Consumers are making notable changes to the way they shop today. That's a big negative for 3.8%-yielding General Mills (NYSE: GIS) and 6.7%-yielding Tanger Factory Outlet Centers (NYSE: SKT). Investors have been pretty downbeat on both names recently, but there's good reason to ignore the crowd and do a deep dive. Here's why these two hated dividend stocks are still worth buying today.
A shift toward healthy
One of the biggest issues facing packaged food companies like General Mills is that consumers are favoring food considered fresh and healthy. That's left General Mills and many of its peers out of step with the market. Worse, General Mills recently closed a big acquisition that increased its long-term debt by roughly 75% in a single quarter. And some industry watchers are concerned it overpaid for the asset.
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However, the acquisition of healthy pet food maker Blue Buffalo has helped to return General Mills' top line to growth with a brand that resonates with consumers. And the company is well aware of the debt overhang, having already reduced its long-term debt by 8.5% in about a year's time. Meanwhile, it plans to hold the dividend steady until leverage is back to historical levels. But with a yield that's at the high end of its historical range, investors shouldn't be too dismayed by the lack of near-term dividend growth.
General Mills has been active in other areas as well. For example, it is expanding the reach of Annie's, a smaller "healthy" brand it bought not too long ago, to grow that business. And it is reworking some of its older brands, like Yoplait, to introduce new varieties that are more on target with today's consumers. Essentially, General Mills is working to shift its business to better serve its end customers. This is a transition that the over 100-year-old company has made before, but it takes time to work through periods like this. The swift increase in debt adds some uncertainty, but General Mills realizes that and is working on it.
All in, the risk/reward balance here suggests it's a good buy even though investors have pushed the stock roughly 30% below its 2016 peak.
A shift toward the web
Tanger is suffering through another retail transition, this one driven by consumers increasingly buying things online. It's been so bad for the retail sector that Wall Street has created a fancy name for it: retail apocalypse. Sounds horrible, and it has been for some retailers and landlords, but the long-term impact here is probably overblown.
That doesn't mean that outlet center real estate investment trust (REIT) Tanger hasn't felt the sting. In fact, it is expecting occupancy to fall to as low as 94% this year, down from 99% as recently as 2013. Malls with too many empty storefronts quickly become less attractive places for customers and lessees. So this is a big issue to watch, even though 94% occupancy isn't exactly disastrous. The other impact from this, however, is that Tanger has been granting rent concessions to some tenants to keep occupancy as high as possible, which impacts the top line. And even that hasn't been enough to offset the pain of store closures and bankruptcies.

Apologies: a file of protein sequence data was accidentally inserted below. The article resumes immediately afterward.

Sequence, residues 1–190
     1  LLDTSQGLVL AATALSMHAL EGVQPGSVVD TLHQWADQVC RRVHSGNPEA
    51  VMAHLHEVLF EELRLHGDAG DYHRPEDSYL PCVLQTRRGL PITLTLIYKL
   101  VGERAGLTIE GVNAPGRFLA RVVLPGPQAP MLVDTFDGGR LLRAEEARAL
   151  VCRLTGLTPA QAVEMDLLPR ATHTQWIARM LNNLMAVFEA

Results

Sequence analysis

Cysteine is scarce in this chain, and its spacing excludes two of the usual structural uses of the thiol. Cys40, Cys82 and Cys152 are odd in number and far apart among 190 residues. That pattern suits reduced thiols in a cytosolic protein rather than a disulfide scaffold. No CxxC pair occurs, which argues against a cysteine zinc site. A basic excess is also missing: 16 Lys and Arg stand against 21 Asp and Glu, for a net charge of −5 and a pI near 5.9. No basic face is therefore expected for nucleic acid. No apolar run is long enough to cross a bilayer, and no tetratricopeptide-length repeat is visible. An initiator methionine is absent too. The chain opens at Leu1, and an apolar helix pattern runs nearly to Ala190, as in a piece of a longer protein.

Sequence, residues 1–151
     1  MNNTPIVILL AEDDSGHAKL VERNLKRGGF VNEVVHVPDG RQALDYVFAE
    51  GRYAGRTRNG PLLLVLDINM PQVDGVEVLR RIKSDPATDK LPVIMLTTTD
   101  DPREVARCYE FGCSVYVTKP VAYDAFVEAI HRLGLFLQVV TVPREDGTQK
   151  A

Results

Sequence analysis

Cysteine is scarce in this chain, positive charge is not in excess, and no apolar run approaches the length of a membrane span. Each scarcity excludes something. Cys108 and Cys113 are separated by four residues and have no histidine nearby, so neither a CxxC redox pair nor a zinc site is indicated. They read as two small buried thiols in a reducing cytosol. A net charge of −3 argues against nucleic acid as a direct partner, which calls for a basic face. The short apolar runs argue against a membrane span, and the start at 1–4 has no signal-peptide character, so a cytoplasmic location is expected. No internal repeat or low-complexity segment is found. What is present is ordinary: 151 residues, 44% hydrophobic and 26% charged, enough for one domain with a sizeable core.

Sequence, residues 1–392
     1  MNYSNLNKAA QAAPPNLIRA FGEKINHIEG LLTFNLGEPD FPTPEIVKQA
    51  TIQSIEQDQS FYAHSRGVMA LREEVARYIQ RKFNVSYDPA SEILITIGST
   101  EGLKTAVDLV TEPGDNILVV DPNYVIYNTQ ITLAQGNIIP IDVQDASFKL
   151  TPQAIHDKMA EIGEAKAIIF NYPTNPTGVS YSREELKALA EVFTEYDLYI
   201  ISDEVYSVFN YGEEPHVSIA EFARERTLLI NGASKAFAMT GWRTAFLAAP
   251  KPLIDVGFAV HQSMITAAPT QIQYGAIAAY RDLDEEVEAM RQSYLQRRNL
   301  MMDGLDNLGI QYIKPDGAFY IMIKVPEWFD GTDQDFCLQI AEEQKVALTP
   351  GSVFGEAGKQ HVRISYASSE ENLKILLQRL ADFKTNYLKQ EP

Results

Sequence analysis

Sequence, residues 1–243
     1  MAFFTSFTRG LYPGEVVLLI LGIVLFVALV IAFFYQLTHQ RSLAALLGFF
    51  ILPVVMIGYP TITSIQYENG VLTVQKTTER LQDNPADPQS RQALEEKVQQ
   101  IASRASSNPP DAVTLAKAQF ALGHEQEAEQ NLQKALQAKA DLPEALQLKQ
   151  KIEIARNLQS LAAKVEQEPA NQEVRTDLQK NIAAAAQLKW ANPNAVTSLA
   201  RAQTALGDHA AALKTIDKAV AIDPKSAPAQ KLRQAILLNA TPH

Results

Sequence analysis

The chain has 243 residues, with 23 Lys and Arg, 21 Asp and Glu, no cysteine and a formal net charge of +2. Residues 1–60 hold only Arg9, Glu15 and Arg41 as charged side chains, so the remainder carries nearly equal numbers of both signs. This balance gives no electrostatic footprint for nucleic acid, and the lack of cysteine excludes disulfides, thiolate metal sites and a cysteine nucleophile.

With all of that said, Tanger is built to withstand this type of headwind. Total debt to adjusted assets at the end of 2018 was roughly 50% at the investment grade-rated company. It covered its interest expenses a robust five times over. And the dividend accounted for a modest 60% or so of funds from operations last year. In other words, the company has time to deal with the changes taking shape because it is financially strong.
Tanger, notably, isn't sitting still. Granting rent concessions is part of a playbook that management has used before during hard times. Yes, it hurts in the near term, but it maintains the desirability of the REIT's assets for the long term. The company is also working to add new retail concepts to its outlet centers to replace those that have fallen out of favor, again part of a well worn playbook. It's going to take time to enact this shift, but Tanger has adjusted before and is highly likely to do so again this time around.
Meanwhile, the real pain in the retail space is hitting lower-quality enclosed malls -- Tanger's outlet centers are inherently different. There are no anchor tenants, the facilities are relatively low cost because they are outdoors, and updating shopping space is relatively easy. In addition, Tanger recently sold four lesser assets, with plans to use the proceeds to further strengthen its balance sheet. Some of its 2019 projections, like occupancy, are also likely to change for the better because of this move when the company reports first-quarter earnings.
There's more risk here than at General Mills, which is why the stock is down 50% from 2016 highs. But for more aggressive investors, the 6.7%-yielding REIT is worth a deep dive today.
Transitions hurt, but can still be good
Investors don't like uncertainty. That's understandable, but for those willing to look long term, a little uncertainty can open up a lot of opportunity. In the case of General Mills, shifting consumer tastes and a debt-funded acquisition have investors worried. But the food giant has a long history of working through tough times, this time isn't likely to be much different. Tanger is facing a bigger threat, since internet shopping is basically a new phenomena. However, with a solid balance sheet, a focus on outlet centers, and a management team actively working on the issue, more aggressive investors are likely to find themselves well rewarded for taking the time to get to know this REIT.
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